Our church Fall Festival was so much fun this year! Complete with bouncy houses for the kids, funnel cakes and a petting zoo. Jude and my little brothers had a blast. My silly little Jude debated his Halloween costume for weeks, such important decisions for a 4 year old. He had two ideas in mind; one was this very ambiguous super villain named “Eagle Claw” (dun, dun, dun) from the show Aquabats or “Jack Frost” from the movie Rise of the Guardians. I’ll admit I was a bit concerned that my son was interested in becoming a villain. However, Jude informed me, “villains are good too mom.” In the end he chose the side of good… and so Jack he was.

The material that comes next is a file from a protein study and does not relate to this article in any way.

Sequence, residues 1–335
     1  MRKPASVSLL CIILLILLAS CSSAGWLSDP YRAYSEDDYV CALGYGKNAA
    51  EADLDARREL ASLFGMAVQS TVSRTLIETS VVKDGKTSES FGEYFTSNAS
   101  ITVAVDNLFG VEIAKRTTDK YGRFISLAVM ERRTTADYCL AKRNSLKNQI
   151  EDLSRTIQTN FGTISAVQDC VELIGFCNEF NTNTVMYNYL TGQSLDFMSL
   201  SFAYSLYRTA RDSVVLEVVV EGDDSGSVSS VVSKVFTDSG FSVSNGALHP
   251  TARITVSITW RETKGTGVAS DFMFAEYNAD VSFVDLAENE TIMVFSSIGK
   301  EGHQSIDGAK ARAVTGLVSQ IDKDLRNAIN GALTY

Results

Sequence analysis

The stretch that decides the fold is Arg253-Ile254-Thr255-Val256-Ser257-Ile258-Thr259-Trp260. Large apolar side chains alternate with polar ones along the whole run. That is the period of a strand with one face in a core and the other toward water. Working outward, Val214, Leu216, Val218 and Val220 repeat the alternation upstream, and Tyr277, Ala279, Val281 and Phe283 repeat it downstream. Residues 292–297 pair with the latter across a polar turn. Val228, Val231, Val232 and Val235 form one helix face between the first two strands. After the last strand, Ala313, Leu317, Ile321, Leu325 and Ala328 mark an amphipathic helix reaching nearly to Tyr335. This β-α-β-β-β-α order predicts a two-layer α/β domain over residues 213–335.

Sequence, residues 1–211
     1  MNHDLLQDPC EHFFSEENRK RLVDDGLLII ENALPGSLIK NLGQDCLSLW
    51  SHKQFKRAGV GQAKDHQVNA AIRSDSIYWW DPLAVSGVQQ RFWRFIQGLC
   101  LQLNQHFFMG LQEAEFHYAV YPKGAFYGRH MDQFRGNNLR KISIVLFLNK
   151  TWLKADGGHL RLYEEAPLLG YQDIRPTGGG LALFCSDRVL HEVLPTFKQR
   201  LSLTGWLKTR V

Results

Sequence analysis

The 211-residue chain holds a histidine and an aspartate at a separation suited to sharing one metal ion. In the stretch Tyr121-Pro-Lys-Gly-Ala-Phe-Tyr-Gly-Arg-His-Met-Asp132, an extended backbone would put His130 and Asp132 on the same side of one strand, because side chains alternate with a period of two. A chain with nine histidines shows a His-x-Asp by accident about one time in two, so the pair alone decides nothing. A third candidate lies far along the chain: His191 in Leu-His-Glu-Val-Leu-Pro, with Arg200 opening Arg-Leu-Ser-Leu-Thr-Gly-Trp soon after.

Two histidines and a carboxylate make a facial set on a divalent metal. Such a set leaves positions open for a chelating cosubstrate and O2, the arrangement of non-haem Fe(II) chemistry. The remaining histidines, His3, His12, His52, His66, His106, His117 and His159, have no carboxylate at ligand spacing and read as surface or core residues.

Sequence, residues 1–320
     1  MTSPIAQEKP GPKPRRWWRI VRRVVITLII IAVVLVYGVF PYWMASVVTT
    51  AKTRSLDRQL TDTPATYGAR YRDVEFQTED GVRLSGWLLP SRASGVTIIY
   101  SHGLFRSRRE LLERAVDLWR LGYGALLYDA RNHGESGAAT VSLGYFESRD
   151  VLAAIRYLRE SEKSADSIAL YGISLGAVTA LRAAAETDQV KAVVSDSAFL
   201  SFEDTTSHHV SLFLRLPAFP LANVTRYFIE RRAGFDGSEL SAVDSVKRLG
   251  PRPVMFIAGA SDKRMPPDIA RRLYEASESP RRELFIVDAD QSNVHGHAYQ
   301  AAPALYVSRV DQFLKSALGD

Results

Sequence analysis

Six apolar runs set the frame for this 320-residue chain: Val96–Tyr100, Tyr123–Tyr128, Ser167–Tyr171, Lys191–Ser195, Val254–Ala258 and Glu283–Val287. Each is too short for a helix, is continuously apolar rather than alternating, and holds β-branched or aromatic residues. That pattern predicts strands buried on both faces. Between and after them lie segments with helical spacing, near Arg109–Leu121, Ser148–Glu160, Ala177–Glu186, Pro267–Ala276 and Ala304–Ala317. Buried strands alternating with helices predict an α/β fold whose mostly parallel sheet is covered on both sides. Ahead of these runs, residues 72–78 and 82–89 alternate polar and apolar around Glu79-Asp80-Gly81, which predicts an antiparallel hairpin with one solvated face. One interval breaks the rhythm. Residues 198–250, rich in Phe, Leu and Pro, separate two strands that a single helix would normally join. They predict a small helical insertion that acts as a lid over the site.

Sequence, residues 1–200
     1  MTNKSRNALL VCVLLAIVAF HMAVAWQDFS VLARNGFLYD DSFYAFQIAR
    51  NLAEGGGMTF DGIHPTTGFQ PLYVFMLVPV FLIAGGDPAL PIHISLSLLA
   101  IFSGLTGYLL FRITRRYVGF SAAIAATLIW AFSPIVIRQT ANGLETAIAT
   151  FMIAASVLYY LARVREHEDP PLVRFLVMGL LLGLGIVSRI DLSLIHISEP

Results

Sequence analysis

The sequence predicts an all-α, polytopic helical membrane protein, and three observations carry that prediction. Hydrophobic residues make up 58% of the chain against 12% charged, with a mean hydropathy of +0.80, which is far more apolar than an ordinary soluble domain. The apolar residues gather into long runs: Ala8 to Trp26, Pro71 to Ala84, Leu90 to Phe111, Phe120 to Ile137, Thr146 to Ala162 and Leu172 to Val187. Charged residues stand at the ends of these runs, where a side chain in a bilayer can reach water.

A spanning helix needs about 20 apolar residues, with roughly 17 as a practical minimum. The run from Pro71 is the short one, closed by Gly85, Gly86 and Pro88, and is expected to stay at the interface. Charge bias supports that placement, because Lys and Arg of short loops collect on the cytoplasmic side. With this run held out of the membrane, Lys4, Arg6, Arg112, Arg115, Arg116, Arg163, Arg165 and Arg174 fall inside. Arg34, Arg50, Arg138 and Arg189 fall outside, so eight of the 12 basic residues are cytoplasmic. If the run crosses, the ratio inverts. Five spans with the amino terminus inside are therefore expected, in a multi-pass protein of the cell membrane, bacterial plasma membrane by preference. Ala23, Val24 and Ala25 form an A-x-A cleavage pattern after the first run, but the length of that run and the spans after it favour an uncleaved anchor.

With all this pumpkin picking I was inspired to once again come up with a recipe starring PUMPKINS. I just can’t get enough of this crunchy pumpkin granola. Once prepared I had fun adding different mix-ins; white & dark chocolate chips, pecans, dried cranberries and dried apples. This granola was perfect with yogurt, though I ate most of it as a sweet, crunchy evening snack.

Pumpkin Patch Granola
2 1/2 cups oatmeal
1/4 cup pumpkin puree
1/4 cup maple syrup
1 tbs. Pumpkin pie spice (you can find my recipe here)
2 Tbs. olive oil
1 tsp vanilla
A pinch of salt

Preheat oven to 350 degrees. In a large mixing bowl, combine all ingredients ensuring the oats are completely coated. Spread the oat mixture in a single layer onto a cookie sheet and bake for 30 minutes, turning the oats about half way through. The granola should be dry and crunchy.


Apple Picking

Saturday, September 27th, 2014